(Formica 2001; Hu and Ritchie 1993) while those on destination competitiveness
have focused on the ability of organisations to produce products that are accepted
internationally (Kozak and Rimmington 1999; Newall 1992). These two concepts
have not been analysed together and empirically tested. This conceptual paper
attempts to address this link between tourism demand and supply. The proposed
model is shown in Figure 1. The TDCA model proposes that destination supply
factors and tourist demand factors help in creating an environment in which tourism
flourish and can be consumed satisfactorily. The destination experience
environment is proposed to be positively related to and as the most important factor
in determining TDCA, enhanced by (a) availability of attractions and mix of activities
and (b) the supporting factors. Reputation, branding and the trip cost are proposed to
moderate the relationship.
In the following sections a discussion of the salient features of the proposed model
and the hypothesised relationships is provided.
Attractions and Mix of Activities
Attractions are the primary elements of destination appeal. They are the key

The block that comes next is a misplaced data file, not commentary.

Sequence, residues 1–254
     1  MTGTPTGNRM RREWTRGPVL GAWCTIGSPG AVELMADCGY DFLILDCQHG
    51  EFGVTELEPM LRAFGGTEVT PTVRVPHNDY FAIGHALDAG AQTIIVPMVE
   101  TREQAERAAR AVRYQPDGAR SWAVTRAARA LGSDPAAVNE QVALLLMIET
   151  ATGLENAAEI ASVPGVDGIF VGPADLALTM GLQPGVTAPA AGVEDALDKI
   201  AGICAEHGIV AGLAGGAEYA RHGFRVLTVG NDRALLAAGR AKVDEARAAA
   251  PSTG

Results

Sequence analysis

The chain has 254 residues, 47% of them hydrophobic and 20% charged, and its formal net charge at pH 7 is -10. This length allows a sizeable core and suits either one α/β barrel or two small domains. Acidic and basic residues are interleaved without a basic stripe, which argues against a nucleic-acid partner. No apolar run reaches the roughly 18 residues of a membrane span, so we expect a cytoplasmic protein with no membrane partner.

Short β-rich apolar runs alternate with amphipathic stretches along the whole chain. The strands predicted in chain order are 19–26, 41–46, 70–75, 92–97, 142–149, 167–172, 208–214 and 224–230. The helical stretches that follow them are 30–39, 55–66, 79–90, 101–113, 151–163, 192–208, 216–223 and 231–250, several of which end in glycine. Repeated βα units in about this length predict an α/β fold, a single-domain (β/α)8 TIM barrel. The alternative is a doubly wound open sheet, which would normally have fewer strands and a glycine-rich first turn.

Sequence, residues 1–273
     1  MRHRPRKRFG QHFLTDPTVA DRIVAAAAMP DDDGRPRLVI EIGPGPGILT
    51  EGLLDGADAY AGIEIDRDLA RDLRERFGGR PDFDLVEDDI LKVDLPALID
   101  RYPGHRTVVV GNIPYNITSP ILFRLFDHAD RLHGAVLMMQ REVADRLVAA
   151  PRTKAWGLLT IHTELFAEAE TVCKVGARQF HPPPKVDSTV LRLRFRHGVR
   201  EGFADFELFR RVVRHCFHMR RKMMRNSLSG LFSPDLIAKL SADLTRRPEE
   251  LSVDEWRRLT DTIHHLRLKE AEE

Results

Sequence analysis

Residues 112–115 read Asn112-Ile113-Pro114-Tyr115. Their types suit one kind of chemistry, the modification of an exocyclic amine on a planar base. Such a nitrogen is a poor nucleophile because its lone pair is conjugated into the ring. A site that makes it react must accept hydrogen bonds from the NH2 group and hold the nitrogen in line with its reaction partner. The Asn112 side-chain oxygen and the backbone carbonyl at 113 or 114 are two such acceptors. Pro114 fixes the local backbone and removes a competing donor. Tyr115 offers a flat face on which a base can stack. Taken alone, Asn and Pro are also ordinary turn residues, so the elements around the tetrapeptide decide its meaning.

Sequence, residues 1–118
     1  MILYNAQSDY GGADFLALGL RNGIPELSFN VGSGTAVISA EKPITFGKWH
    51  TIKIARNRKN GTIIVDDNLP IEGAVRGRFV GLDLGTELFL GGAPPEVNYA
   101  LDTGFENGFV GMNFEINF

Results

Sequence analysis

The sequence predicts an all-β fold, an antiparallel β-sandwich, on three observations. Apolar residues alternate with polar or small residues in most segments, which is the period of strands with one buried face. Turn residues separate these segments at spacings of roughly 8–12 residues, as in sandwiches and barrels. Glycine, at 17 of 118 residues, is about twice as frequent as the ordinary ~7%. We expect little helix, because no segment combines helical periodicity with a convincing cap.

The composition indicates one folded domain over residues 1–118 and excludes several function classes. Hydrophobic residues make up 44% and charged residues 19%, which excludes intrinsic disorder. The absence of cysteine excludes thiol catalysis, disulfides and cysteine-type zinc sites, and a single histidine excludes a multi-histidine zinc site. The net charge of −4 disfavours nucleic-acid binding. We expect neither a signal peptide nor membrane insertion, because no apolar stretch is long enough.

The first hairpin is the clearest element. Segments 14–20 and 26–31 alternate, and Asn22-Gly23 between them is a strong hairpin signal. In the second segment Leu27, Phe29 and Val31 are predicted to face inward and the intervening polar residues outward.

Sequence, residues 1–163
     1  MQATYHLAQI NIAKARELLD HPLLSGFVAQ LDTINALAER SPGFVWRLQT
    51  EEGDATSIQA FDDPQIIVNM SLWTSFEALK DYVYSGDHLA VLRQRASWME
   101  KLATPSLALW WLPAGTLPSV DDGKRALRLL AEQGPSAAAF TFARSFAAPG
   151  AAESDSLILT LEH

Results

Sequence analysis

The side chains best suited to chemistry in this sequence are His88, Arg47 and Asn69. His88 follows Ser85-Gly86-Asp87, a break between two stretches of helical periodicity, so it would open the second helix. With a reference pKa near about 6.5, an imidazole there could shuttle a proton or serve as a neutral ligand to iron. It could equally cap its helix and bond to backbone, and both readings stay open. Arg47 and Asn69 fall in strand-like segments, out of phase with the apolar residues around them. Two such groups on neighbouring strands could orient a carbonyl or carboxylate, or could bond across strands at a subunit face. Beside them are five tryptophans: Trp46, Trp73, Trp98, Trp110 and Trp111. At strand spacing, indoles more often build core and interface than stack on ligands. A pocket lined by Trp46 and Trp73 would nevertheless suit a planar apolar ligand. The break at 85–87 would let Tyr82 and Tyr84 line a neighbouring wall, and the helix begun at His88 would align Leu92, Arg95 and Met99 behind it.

motivators for visitation to a destination (Crouch and Ritchie 1999). They are the
fundamental reasons why prospective visitors choose one destination over another.
Researchers have grouped, classified and categorised attractions differently. Goeldner
et al (2000) categorised attractions into five main groups; cultural, natural, events,
recreation and entertainment (page 217). The range of activities within a destination is
an important pull factor and represents some of the most critical aspects of destination
appeal. Moreover destination managers have significant control and influence over
the mix of activities. The mix of activities is a result of initiatives and creativities by
the destination. The activities are important as tourists increasingly seek experiences

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that go beyond the more passive visitation practices of the past (Crouch and Ritchie
1999). The variety of the attractions and the mix of activities offer the tourist a wide